The Dallas Mavericks are in an incredibly weird position because they both have so many areas of need and are so close to being a very good basketball team. It is common for teams drafting in the lottery to have a litany of needs. It is not common for them to have the breathtaking offensive talents of Luka Doncic and Kyrie Irving. Where the Mavericks fall in the draft will have a hand in determining who they pick. However, Jarace Walker is one of the few players who would make sense if they jumped up to the fourth pick and has the potential of falling all the way to the 10th pick.
Walker is an elite defensive prospect. He is a rock solid 6’8 with a 7’2 wingspan. He is incredibly athletic though not quite as flexible as Bam Adebayo. He is strong enough to bang with any center in the NBA, though Nikola Jokic and Joel Embiid would likely be difficult matchups for him. This is a pointless concern because they are tough matchups for everyone. He is very switchable and provides rim protection. This is important because the combination of switch-ability and rim protection has replaced the combination of shooting and rim protection as the most valuable combination of skills for NBA bigs.
Defenders who can both switch and protect the rim cannot be played off of the floor in the playoffs. Rudy Gobert is among the greatest rim protectors in the history of the NBA, but he can’t defend the rim from the bench. That is where he ends up every year in the playoffs because he simply cannot defend the perimeter actions that teams put him in.
On the offensive end, Walker is raw but shows flashes of the ability to develop into a solid partner for Doncic. He has shown flashes of ball handling and being able to finish with short floaters in the paint. These skills are important as they show the ability to develop into a short roller in addition to a rim runner when paired with Doncic or Irving in the pick-and-roll.
He can contribute on both ends of the court. The Mavericks have a troubling lack of players who are good on both ends. Walker can become a screening hub for Doncic and Irving to work around while covering for their mistakes on the other end. In addition to not having enough defenders, the Mavericks have quietly lacked great screeners for years.
The Mavericks have focused on shooting and rim running with their bigs but the foundation of a pick-and-roll is the pick. Walker’s strength and girth allow him to set fantastic screens. The Mavericks' best offensive big men recently (Kristaps Porzingis or Christian Wood) have set mostly brush screens because of their body types and the fact that they were using screens as a way to set themselves up to score.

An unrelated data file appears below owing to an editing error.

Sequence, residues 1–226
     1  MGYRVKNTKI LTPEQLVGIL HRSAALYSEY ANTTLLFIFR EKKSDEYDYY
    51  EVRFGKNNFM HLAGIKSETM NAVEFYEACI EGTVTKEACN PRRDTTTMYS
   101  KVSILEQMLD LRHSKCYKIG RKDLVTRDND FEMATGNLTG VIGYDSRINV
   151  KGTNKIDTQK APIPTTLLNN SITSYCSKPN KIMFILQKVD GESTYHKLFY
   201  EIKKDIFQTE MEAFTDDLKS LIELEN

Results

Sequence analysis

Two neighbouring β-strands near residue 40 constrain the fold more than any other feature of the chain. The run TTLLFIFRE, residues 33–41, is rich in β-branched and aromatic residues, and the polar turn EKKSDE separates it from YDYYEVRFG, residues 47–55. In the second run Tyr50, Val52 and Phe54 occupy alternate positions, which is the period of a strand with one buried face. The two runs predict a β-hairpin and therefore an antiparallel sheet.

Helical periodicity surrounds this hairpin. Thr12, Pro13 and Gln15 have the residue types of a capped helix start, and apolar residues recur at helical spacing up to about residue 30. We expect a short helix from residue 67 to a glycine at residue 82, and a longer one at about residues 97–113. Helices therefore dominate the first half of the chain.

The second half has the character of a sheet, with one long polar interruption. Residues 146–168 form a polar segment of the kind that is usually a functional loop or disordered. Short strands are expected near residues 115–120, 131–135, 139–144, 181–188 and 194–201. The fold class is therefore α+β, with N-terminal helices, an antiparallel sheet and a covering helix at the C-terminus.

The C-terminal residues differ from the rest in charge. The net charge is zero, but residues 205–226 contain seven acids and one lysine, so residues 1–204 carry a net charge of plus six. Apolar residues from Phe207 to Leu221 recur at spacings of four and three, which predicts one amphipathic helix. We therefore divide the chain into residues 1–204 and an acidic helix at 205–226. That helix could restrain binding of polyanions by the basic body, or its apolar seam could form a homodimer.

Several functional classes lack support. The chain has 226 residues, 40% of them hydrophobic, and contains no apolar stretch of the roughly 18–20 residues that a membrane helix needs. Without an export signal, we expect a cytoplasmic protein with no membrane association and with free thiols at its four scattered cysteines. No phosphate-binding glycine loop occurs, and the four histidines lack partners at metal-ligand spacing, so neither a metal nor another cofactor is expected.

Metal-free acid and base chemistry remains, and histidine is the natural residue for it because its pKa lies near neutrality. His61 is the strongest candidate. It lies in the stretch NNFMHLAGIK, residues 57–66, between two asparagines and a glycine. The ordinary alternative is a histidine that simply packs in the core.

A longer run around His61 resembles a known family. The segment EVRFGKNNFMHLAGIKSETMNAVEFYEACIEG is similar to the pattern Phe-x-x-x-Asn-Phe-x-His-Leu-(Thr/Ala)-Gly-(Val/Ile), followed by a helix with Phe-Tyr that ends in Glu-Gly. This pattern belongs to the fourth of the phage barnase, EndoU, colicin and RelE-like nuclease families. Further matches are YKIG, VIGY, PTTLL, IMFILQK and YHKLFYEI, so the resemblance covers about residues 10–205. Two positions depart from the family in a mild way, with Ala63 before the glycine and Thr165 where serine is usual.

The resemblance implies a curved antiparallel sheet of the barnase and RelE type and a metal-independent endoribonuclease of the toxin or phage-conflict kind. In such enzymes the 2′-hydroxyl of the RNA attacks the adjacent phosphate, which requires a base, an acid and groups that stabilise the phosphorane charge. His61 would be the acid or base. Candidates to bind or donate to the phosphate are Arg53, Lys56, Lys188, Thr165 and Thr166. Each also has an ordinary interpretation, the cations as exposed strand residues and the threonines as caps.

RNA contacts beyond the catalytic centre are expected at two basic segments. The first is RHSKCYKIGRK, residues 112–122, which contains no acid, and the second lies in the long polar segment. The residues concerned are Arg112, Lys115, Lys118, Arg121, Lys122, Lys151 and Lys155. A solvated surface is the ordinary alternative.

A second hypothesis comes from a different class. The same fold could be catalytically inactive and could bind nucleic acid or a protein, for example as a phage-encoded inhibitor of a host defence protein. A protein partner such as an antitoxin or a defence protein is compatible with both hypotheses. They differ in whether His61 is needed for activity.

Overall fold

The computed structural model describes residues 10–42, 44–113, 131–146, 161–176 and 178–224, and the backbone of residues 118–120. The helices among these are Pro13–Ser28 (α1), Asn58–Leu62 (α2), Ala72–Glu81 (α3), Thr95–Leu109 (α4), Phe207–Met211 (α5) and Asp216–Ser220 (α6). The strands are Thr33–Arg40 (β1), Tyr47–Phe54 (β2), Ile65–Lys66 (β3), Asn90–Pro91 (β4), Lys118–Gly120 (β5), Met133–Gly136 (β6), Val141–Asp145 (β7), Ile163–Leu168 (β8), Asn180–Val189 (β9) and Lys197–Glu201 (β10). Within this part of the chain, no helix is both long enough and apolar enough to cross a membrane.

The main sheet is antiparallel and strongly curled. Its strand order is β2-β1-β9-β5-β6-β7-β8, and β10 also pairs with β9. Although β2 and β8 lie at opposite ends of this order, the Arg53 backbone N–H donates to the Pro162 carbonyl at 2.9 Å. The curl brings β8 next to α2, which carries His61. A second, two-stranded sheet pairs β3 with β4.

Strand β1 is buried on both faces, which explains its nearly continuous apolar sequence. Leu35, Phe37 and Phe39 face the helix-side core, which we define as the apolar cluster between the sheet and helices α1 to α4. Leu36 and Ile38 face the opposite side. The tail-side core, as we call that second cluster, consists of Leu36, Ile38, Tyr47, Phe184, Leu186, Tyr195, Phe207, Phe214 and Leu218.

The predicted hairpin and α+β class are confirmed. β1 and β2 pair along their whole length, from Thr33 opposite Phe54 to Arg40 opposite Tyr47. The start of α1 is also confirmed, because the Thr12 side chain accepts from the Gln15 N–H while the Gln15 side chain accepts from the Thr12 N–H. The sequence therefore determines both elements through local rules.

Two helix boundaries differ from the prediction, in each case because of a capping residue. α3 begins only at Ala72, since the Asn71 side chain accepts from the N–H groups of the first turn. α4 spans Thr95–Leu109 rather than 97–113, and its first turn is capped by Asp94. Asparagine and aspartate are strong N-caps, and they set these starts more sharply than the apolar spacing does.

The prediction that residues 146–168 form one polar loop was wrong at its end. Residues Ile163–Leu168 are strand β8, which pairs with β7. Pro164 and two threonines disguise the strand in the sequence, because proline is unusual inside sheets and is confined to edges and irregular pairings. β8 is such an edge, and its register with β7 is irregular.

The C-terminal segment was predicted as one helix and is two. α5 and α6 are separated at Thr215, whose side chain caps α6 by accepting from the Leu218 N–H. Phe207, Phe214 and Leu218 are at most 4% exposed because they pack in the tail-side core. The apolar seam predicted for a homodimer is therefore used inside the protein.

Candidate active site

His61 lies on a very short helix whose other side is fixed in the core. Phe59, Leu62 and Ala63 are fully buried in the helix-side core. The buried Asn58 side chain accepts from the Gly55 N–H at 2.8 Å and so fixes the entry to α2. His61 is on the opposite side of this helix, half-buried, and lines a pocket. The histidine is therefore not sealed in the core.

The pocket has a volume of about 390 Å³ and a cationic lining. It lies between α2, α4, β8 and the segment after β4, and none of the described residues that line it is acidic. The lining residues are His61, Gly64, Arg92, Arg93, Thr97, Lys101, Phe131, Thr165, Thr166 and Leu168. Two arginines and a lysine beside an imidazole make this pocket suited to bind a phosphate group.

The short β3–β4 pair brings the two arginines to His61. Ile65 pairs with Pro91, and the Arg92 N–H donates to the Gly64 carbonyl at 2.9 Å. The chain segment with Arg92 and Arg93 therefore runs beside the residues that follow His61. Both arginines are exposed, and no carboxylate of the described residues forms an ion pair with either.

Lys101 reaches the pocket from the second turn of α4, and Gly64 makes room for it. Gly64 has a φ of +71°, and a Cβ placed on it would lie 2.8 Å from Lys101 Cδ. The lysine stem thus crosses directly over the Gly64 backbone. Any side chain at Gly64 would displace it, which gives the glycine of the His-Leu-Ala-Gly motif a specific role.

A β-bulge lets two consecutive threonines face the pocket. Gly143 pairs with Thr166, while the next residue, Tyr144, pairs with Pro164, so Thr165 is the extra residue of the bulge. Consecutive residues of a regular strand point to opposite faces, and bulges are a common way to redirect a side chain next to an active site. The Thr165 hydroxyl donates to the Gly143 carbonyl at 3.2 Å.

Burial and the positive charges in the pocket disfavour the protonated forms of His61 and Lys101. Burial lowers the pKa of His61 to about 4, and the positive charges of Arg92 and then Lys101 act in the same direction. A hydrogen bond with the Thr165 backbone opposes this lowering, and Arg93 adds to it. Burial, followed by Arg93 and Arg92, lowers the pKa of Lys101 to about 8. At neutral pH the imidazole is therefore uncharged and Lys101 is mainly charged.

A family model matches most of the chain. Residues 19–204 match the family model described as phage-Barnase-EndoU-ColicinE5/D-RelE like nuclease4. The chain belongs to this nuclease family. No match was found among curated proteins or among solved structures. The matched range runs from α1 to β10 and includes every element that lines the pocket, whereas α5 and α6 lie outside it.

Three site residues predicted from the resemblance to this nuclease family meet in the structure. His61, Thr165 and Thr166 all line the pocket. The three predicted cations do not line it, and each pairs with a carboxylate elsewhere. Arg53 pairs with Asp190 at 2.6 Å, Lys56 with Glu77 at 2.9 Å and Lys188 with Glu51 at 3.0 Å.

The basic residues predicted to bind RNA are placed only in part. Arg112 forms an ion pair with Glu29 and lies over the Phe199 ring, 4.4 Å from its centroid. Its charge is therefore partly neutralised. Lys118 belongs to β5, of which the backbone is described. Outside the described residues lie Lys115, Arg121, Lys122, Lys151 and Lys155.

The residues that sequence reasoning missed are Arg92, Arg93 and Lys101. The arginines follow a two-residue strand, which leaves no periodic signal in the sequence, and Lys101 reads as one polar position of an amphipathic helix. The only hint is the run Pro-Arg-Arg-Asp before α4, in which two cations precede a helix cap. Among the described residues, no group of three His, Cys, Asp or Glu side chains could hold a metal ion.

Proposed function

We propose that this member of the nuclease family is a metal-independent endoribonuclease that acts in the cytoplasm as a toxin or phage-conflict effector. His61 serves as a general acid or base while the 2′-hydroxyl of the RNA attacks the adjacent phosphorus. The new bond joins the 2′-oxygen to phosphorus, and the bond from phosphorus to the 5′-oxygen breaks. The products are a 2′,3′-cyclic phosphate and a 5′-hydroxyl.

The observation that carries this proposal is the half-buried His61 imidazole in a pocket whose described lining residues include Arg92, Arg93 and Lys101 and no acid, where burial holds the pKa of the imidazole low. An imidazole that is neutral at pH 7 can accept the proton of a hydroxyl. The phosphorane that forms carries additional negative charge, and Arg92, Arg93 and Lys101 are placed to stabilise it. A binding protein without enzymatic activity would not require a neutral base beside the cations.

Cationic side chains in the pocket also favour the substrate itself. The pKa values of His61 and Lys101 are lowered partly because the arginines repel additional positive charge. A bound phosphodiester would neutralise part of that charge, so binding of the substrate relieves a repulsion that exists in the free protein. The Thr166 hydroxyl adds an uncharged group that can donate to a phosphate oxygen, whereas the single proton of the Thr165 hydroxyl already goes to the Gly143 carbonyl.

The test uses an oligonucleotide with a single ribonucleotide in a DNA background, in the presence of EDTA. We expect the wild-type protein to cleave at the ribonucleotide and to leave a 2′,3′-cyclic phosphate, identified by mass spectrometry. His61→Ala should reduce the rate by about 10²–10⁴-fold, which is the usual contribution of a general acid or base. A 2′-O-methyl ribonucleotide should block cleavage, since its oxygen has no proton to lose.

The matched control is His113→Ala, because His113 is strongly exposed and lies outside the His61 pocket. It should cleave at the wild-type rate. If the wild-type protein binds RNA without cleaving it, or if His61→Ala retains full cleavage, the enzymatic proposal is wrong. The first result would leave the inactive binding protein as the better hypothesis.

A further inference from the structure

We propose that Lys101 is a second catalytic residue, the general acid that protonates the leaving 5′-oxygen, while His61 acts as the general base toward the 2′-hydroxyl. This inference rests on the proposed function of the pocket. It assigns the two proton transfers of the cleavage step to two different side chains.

Starting with his offense as part of his positives is burying the lead. Walker is not quite perfect defensively. He is not the rim protector Victor Wembanyama is (no one is). He is not the switching defender Adebayo is. But he provides really good rim protection and mobility which the Mavericks simply must add.
Walker’s offense is a potential strength, but it is a current weakness. He is not a finished product on that end. The Mavericks are on a clock, and they may not have time for him to develop offensively before Doncic gives up on them. He is not a pure shooter and will likely fall short of being an actual spacing big even at his peak. Doncic’s offense has always been at its best when playing in a five-out offense and Walker limits that though he shot 34.7 percent on 2.8 three-point attempts per game.
Fit with Mavericks
The fit is fantastic. The Mavericks are already an all-time elite offense with Dwight Powell not providing shooting. Powell is a better player than he gets credit for, but Walker should be able to improve on Powell’s offense in time. He can then really help the Mavericks get better defensively and perhaps even help instill a defensive culture simply by playing with his manic energy.
Multiple players have been mentioned as comparisons for Walker and none of them are perfect. He is not as mobile or flexible as Adebayo. He is not the shooter Paul Millsap became in his prime, nor is he likely to be quite the scorer Millsap was. The comparison I come back to appears to be very negative, but he is a bit like former Mavericks Brandon Bass with a Mario Power-Star. He is much longer than Bass, who was about the same size and carved out a surprisingly effective offensive roll through aggression and a solid midrange jumper.
Bass averaged 12.5 points and 6.2 rebounds per game for his career highs in 2011-12. Adjusted to today’s faster-paced NBA that correlates to about 15 and eight. Throw in the addition of the Mario Power-Star which will make opposing players bounce off of him for a few extra rebounds and that is about the right projection for Walker. Bass was a bit of a defensive liability which makes this hazy, but he also played at a time with virtually every team played two traditional big men. His athleticism would have likely made him a much better defender now.
Overall, Walker may not seem like an exciting prospect for the Mavericks' highest pick since Doncic. He will never be the best player in the league and given the defenders in the NBA, he will likely never even win a defensive player of the year award. But he would be a massive upgrade in both talent and fit for the Mavericks that could solve the majority of the Mavericks’ problems if everything breaks right.